In yesterday's Guardian
there appeared two letters. One was from 603 academics from various nations and called on the National Association of Teachers in Further and Higher Education (NATFHE) to reject a conference motion calling for a boycott of academic links with Israeli lecturers unless they are willing to voice public opposition to "Israeli apartheid policies". The other was from the Federation of Unions of Palestinian University Professors and Employees and was supportive of a boycott. Further details in this article
Both letters contain some truth. The Palestinian letter states that "cooperation with the intelligence services, the army, and other agencies of the occupation regime is part of the routine work of the Israeli academy. No Israeli academic body has ever taken a public stand against the military occupation of the West Bank and Gaza, nor criticized their government's long-standing siege of Palestinian academic institutions." The authors of the other letter consider that "the political test for Israeli academics builds on a tradition established by McCarthy in the US and the anti-semitic purges in communist eastern Europe. We oppose forcing academics to sign a statement to demonstrate political cleanliness." Nothing to disagree with there, I think.
The danger of the proposed NATFHE approach is not hard to spot, in that reference to "Israeli apartheid policies". I shall accord the framers of the motion the benefit of the doubt and assume, possibly wrongly, that the phrase was intended to carry some meaning rather than merely serving as a lazy and gratuitous insult. Apartheid, if you recall, was a official, constitutionally-underwritten policy providing for separate and highly unequal treatment of sections of the South African population solely on the basis of their racial origins. Despite what many of Israel's supporters in the United States (an example) (another)
would like us to believe, Arab citizens of Israel do not have anything approaching equal rights with their Jewish neighbours. (See this report
by the US Department of State, especially Section 5, subheading National/Racial/Ethnic Minorities
. Or this article
by Human Rights Watch.) But however unpleasant such discrimination may be for those on the wrong end of it, it falls a long way short of any valid comparison with South African apartheid, or even the situation in the Southern US back in the 1950s.
Of course, the NATFHE motion isn't about Israel's treatment of its own Arab citizens at all; it is concerned with the Israeli occupation of, and military interference in, the West Bank and Gaza. And there the apartheid comparison instantly comes apart, because the occupation is just that: an illegal military occupation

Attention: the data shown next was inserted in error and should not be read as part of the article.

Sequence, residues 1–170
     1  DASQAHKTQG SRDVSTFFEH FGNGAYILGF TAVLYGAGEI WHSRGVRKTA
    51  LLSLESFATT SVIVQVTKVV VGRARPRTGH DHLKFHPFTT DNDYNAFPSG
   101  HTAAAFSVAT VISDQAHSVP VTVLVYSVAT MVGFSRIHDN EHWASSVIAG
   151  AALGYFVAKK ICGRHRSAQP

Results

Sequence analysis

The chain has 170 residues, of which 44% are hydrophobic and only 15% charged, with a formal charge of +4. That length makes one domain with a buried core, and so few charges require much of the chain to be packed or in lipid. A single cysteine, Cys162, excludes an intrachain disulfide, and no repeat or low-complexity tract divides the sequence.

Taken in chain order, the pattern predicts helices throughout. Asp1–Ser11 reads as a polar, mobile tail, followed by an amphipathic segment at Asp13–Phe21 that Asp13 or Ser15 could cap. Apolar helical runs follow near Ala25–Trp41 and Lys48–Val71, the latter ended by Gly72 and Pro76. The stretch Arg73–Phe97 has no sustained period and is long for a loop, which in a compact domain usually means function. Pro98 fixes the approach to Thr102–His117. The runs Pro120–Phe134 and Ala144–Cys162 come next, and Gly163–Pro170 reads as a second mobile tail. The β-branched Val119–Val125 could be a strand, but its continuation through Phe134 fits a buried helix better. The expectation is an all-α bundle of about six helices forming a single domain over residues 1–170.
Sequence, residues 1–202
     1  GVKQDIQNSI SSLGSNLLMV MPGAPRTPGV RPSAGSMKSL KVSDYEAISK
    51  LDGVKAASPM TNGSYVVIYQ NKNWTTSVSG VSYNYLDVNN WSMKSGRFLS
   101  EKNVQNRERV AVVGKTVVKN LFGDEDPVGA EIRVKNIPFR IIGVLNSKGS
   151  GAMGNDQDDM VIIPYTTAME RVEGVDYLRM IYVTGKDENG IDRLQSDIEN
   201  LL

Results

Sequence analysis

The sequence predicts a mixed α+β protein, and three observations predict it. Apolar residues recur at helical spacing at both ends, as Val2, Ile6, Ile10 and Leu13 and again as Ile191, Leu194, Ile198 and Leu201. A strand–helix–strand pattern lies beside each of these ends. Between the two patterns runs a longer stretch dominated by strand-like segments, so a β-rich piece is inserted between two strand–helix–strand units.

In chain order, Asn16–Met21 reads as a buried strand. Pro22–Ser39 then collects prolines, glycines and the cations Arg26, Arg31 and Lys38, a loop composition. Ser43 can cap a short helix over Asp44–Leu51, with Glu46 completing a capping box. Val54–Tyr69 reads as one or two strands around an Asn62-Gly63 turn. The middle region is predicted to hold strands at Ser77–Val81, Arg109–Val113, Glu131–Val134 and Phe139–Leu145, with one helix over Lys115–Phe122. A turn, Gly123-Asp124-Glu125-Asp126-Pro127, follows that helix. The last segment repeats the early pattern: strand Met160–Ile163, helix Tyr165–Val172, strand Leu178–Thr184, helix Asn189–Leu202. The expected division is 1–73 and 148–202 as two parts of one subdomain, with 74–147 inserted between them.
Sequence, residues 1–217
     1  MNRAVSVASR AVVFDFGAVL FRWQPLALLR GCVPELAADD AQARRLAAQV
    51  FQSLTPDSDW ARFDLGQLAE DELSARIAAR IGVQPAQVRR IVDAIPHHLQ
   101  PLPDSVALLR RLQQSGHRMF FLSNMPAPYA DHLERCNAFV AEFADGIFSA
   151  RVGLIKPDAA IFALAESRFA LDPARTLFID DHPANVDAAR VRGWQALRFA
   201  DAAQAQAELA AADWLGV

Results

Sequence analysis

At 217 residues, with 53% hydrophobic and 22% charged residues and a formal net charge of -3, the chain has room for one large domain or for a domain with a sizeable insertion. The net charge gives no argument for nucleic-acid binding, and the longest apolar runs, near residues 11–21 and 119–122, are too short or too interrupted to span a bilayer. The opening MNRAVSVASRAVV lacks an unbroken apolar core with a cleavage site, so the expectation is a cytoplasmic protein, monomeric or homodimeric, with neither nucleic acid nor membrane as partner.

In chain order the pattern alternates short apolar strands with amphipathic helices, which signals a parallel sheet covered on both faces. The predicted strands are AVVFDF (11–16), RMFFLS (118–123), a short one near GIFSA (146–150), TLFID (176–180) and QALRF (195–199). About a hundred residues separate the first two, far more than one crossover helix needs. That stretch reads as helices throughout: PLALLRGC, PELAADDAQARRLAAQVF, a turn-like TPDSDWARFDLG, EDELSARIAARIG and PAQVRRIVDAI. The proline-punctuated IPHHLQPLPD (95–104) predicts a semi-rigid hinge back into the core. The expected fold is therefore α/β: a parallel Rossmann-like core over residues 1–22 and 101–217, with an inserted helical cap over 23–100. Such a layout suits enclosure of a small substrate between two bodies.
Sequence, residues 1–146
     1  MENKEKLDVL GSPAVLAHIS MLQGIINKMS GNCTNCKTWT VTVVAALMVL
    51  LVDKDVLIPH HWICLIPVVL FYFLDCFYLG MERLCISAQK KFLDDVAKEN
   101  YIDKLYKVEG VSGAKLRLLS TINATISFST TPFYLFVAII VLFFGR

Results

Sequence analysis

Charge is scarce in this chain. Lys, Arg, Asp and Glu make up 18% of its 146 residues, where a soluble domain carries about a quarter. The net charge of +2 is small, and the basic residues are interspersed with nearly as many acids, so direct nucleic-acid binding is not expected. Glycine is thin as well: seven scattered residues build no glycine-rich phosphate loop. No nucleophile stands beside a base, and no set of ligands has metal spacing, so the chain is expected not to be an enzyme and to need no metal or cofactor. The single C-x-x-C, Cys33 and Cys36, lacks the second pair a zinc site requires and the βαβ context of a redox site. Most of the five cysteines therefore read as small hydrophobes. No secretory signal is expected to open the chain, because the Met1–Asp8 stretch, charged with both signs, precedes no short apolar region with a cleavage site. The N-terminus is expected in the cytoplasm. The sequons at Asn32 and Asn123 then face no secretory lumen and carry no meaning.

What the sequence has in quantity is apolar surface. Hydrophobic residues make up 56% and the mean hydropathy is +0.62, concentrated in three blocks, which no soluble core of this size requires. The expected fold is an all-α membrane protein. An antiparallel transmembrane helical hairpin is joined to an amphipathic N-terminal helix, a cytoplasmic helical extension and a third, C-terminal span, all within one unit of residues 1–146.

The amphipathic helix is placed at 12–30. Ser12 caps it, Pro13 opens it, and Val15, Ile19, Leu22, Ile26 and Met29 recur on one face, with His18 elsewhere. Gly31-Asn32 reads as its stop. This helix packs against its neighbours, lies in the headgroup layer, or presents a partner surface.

following an invasion. To describe any part of Israeli policy in the Occupied Territories as apartheid is to imply that the OT forms part of Israel and that any human rights abuses there are simply an extension of domestic discrimination; and then to overstate that discrimination so as to weaken the argument. Read my lips: apartheid was not about illegal military occupation, it was about domestic racial policy. Read them again: Israeli policy in the West Bank and Gaza isn't domestic, because even the Israeli Government does not consider those areas to be part of Israel. Israel's policies in the West Bank are no more "apartheid policies" than are Britain's in Iraq, though similarly wrong-headed and illegal. Ironically, I find that people most prone to lazy characterisation of the Israeli occupation as "apartheid" were also keen to have Ariel Sharon arraigned as a war criminal. Well, which is it?
Even an Israeli academic who loathed the occupation might find himself unable to oppose "Israeli apartheid" (unless the quality of thinking in Israeli academia is no better than that of the framers of the NATFHE motion).
However flawed that motion may be (and however badly-timed in terms of NATFHE's own domestic preoccupations with industrial action and merger with the AUT) the alternative is not for British and other academics simply to sit on their hands and ignore the issue. My dislike for useless political gestures is matched by my enthusiasm for those who suggest constructive alternatives. The Faculty for Israeli-Palestinian Peace
published this excellent piece
in Wednesday's Guardian
, which recommends several actions which should be undertaken, including a specific boycott of a proposed university in an illegal settlement in the OT. I hope the FIPP's call will be heeded in our further and higher education instutions, whichever way the NATFHE vote goes this week.